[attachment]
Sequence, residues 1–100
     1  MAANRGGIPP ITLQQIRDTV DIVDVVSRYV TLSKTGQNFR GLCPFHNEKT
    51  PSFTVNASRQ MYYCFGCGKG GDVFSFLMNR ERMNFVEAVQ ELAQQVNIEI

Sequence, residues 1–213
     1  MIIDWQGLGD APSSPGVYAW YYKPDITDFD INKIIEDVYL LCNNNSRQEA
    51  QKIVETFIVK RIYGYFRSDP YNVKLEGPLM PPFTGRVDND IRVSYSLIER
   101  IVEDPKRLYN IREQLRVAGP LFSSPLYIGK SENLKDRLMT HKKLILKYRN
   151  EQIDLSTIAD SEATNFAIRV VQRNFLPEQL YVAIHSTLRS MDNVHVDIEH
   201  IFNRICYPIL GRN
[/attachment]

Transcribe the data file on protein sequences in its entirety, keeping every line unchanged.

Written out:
Sequence, residues 1–100
     1  MAANRGGIPP ITLQQIRDTV DIVDVVSRYV TLSKTGQNFR GLCPFHNEKT
    51  PSFTVNASRQ MYYCFGCGKG GDVFSFLMNR ERMNFVEAVQ ELAQQVNIEI

Sequence, residues 1–213
     1  MIIDWQGLGD APSSPGVYAW YYKPDITDFD INKIIEDVYL LCNNNSRQEA
    51  QKIVETFIVK RIYGYFRSDP YNVKLEGPLM PPFTGRVDND IRVSYSLIER
   101  IVEDPKRLYN IREQLRVAGP LFSSPLYIGK SENLKDRLMT HKKLILKYRN
   151  EQIDLSTIAD SEATNFAIRV VQRNFLPEQL YVAIHSTLRS MDNVHVDIEH
   201  IFNRICYPIL GRN